Förbättrad prognos för personer med typ 1 diabetes - men stor variation inom gruppen
Sedan början av 2000-talet är det allt färre personer med typ 1 diabetes som insjuknar i hjärt- kärlsjukdomar eller avlider. Men variationen i prognos är stor inom patientgruppen och vården kan i linje med det behöva differentieras mera.
Det visar en studie från Göteborgs universitet som nyligen publicerades i tidskriften The Lancet Regional Health – Europe.
Historiskt sett har personer med typ 1 diabetes haft en högre risk att dö i hjärt- kärlsjukdomarän människor i allmänhet. Och även om risken fortfarande är tre till fem gånger högre, har risken för den här gruppen stadigt minskat de senaste decennierna. Men skillnader i prognos inom gruppen är stor.
Om en njurpåverkan från diabetessjukdomen föreligger, även i mindre grad, hade det stor betydelse för dödlighet och hjärtsjukdom i den aktuella studien.
– För dem utan njurkomplikationer eller tidigare hjärtsjukdomar – vilka utgör knappt hälften av dem vi studerat – är dödligheten inte större än inom normalbefolkningen i stort, säger Sara Hallström på Sahlgrenska akademin vid Göteborgs universitet som är en av forskarna bakom studien.
I studien har forskarna gått igenom NDR data i nationella register för över 45 000 personer med typ 1 diabetes, och jämfört uppgifterna med en kontrollgrupp på över 220 000 personer. Utöver trenden med minskad risk för hela gruppen kunde de även se att variationen inom patientgruppen var ett av de viktigaste resultaten.
– Det här innebär att vården vid typ 1 diabetes behöver differentieras än mer i hög- och lågriskpatienter med tanke på högt blodsocker, njursjukdom eller hjärtsjukdom, säger Sara Hallström.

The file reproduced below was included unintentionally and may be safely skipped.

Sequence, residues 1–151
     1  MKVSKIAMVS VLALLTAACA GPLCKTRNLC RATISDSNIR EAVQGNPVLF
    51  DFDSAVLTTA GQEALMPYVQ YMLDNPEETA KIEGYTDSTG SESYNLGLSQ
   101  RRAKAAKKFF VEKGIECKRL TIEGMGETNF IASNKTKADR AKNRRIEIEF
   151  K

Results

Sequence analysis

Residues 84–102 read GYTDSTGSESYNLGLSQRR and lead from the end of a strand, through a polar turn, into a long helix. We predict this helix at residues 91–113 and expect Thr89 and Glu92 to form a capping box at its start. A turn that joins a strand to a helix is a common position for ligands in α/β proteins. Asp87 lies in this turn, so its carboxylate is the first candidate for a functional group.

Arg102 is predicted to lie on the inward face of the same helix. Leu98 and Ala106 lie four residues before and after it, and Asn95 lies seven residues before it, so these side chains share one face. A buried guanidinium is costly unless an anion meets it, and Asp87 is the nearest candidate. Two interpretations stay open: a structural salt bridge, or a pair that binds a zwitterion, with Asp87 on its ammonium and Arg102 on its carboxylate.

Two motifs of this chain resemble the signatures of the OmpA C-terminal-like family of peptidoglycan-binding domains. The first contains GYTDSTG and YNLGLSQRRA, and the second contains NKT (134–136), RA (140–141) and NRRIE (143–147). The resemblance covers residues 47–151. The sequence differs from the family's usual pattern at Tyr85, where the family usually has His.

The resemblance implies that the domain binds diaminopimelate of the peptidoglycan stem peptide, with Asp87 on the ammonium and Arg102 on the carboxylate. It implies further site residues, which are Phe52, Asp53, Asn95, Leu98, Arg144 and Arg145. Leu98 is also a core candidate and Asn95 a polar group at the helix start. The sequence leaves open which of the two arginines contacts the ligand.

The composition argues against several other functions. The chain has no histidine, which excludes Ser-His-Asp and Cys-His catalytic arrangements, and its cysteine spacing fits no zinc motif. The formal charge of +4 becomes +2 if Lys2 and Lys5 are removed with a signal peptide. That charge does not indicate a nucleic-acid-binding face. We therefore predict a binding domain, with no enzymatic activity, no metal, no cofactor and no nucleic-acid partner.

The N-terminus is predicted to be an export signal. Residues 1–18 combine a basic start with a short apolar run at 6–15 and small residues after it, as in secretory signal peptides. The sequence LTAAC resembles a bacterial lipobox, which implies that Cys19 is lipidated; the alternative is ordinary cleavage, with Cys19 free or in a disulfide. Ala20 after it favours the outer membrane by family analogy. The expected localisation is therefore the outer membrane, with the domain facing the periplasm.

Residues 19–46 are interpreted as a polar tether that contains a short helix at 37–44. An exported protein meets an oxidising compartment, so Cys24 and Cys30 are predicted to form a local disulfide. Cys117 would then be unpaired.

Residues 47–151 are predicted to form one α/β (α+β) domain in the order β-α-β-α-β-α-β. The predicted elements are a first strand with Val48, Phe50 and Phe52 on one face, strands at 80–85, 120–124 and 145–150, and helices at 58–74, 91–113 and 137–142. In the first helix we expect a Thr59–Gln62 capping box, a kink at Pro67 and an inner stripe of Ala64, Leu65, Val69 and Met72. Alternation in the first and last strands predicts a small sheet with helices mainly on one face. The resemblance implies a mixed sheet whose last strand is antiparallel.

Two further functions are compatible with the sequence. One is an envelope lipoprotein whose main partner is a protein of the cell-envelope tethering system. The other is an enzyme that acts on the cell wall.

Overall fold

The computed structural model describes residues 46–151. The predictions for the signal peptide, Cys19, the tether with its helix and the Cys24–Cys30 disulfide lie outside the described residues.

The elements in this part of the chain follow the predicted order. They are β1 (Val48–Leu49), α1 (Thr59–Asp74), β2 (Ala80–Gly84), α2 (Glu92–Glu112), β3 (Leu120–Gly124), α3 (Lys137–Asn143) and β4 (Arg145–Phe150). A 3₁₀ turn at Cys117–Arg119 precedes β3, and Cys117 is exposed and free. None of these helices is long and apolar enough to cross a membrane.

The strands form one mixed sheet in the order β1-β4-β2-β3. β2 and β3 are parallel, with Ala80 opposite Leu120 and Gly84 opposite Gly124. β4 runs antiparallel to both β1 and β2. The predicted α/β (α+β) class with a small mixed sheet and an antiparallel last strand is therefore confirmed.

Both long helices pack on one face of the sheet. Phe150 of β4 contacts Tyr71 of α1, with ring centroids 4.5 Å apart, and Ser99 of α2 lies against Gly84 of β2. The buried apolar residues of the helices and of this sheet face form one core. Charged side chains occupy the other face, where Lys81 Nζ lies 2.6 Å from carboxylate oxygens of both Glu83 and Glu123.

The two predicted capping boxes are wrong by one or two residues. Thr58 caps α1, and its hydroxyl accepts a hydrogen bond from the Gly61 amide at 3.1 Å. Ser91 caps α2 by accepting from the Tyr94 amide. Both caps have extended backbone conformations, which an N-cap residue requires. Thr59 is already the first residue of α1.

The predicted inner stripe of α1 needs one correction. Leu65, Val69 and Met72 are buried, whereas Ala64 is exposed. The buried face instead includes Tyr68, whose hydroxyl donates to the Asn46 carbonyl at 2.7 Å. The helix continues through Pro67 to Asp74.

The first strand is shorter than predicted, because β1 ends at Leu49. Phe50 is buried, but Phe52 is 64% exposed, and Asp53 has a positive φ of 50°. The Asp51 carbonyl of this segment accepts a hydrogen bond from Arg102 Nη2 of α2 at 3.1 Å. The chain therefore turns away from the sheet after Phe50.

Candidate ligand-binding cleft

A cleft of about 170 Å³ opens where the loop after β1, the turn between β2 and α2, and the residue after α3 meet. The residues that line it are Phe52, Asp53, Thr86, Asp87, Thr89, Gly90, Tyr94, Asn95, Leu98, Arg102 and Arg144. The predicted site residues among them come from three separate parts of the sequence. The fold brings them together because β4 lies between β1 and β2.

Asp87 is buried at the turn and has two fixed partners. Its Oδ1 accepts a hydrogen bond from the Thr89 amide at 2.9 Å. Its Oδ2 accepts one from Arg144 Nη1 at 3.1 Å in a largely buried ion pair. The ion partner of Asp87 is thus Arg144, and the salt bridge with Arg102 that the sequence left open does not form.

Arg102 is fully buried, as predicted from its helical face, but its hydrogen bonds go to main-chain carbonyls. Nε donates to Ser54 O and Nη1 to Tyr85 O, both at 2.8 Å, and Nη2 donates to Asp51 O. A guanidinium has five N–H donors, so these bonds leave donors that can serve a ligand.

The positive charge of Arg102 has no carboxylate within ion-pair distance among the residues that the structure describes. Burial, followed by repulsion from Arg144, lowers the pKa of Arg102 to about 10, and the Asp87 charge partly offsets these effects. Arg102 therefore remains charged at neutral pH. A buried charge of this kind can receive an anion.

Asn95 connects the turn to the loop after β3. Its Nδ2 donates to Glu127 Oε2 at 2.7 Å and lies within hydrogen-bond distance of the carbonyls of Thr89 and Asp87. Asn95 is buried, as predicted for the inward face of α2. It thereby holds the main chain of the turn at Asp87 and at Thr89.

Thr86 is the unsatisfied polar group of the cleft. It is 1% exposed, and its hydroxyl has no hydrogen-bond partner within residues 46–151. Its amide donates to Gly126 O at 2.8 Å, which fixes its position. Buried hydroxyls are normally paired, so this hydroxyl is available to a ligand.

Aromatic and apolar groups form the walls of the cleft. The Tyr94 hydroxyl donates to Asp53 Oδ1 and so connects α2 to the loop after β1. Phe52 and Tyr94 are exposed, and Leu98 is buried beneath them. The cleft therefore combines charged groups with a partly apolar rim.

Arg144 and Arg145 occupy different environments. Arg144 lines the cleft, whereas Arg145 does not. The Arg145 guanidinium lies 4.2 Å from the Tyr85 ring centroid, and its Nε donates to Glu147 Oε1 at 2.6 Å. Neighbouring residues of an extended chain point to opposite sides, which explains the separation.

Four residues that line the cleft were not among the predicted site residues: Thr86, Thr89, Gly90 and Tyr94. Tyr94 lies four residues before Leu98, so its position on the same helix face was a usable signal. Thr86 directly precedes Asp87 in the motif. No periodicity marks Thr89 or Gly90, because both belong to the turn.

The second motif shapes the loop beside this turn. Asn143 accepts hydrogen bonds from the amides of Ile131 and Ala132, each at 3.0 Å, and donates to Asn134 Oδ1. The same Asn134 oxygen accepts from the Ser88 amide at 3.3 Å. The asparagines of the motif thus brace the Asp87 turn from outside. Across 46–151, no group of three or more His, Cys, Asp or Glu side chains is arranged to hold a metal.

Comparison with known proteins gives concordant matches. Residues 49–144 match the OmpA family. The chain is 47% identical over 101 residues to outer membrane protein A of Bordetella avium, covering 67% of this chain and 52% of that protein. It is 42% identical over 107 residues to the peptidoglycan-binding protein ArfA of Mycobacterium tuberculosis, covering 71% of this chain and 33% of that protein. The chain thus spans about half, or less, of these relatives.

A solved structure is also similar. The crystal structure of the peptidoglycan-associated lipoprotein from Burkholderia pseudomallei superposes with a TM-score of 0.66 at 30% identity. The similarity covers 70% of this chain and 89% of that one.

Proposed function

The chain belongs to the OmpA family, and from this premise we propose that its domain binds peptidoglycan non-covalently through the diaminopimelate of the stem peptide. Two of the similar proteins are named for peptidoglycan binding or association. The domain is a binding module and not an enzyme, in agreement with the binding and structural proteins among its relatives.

Dessutom behöver behandlingen av högriskpatienterna bli mer intensiv än idag för att uppnå minskad dödlighet även i den gruppen.
Forskarna förväntar sig att prognosen kommer förbättras ytterligare i framtiden.
– Med dagens diabetesvård kommer många barn och unga vuxna med typ 1 diabetes sannolikt ha en god prognos i framtiden eftersom allt större grupper når en god blodsockerkontroll och har fler riskfaktorer välbehandlade vilket resulterar i relativt låg risk för utveckling av njur- och hjärtsjukdom.
Studien är utförd av Göteborgs universitet i samarbete med forskare vid Linköpings universitet och Harvard Medical School.
Lars-Olof Karlssson Press release Göteborgs Universitet
www red DiabetologNytt
Läs hel studien pdf free
Risk factors, mortality trends and cardiovasuclar diseases in people with Type 1 diabetes and controls: A Swedish observational cohort study
Author links open overlay panelSaraHallströmabMagnus OlofWijkmancJohnnyLudvigssondPerEkmaneMarc AlanPfefferfHansWedelgAnnikaRosengrenbMarcusLindabh
Under a Creative Commons license
Historically, the incidence of cardiovascular disease and mortality in persons with Type 1 diabetes (T1D) has been increased compared to the general population. Contemporary studies on time trends of mortality and cardiovascular disease are sparse.
In this observational study, T1D persons were identified in the Swedish National Diabetes Registry (n=45,575) and compared with matched controls from the general population (n=220,141). Incidence rates from 2002 to 2019 were estimated with respect to mortality and cardiovascular disease in persons with T1D overall and when stratified for prevalent cardiovascular and renal disease relative to controls.
Mean age in persons with T1D was 32.4 years and 44.9% (20,446/45,575) were women. Age- and sex- adjusted mortality rates declined over time in both groups but remained significantly higher in those with T1D compared to controls during 2017–2019, 7.62 (95% CI 7.16; 8·08) vs. 2.23 (95% CI 2.13; 2.33) deaths per 1,000 person years. Myocardial infarction, heart failure and stroke decreased over time in both groups, with persistent excess risks in the range of 3.4–5.0 times from 2017 to 2019 in those with T1D. T1D persons ≥45 years without previous renal or cardiovascular complications had standardized mortality rates similar or even lower than controls 5.55 (4.51; 6.60) vs.7.08 (6.75; 7.40) respectively in the last time period.
Excess mortality persisted over time in persons with T1D, largely in patients with cardiorenal complications. Improved secondary prevention with a focus on individualized treatment is needed to close the gap in mortality for individuals with T1D.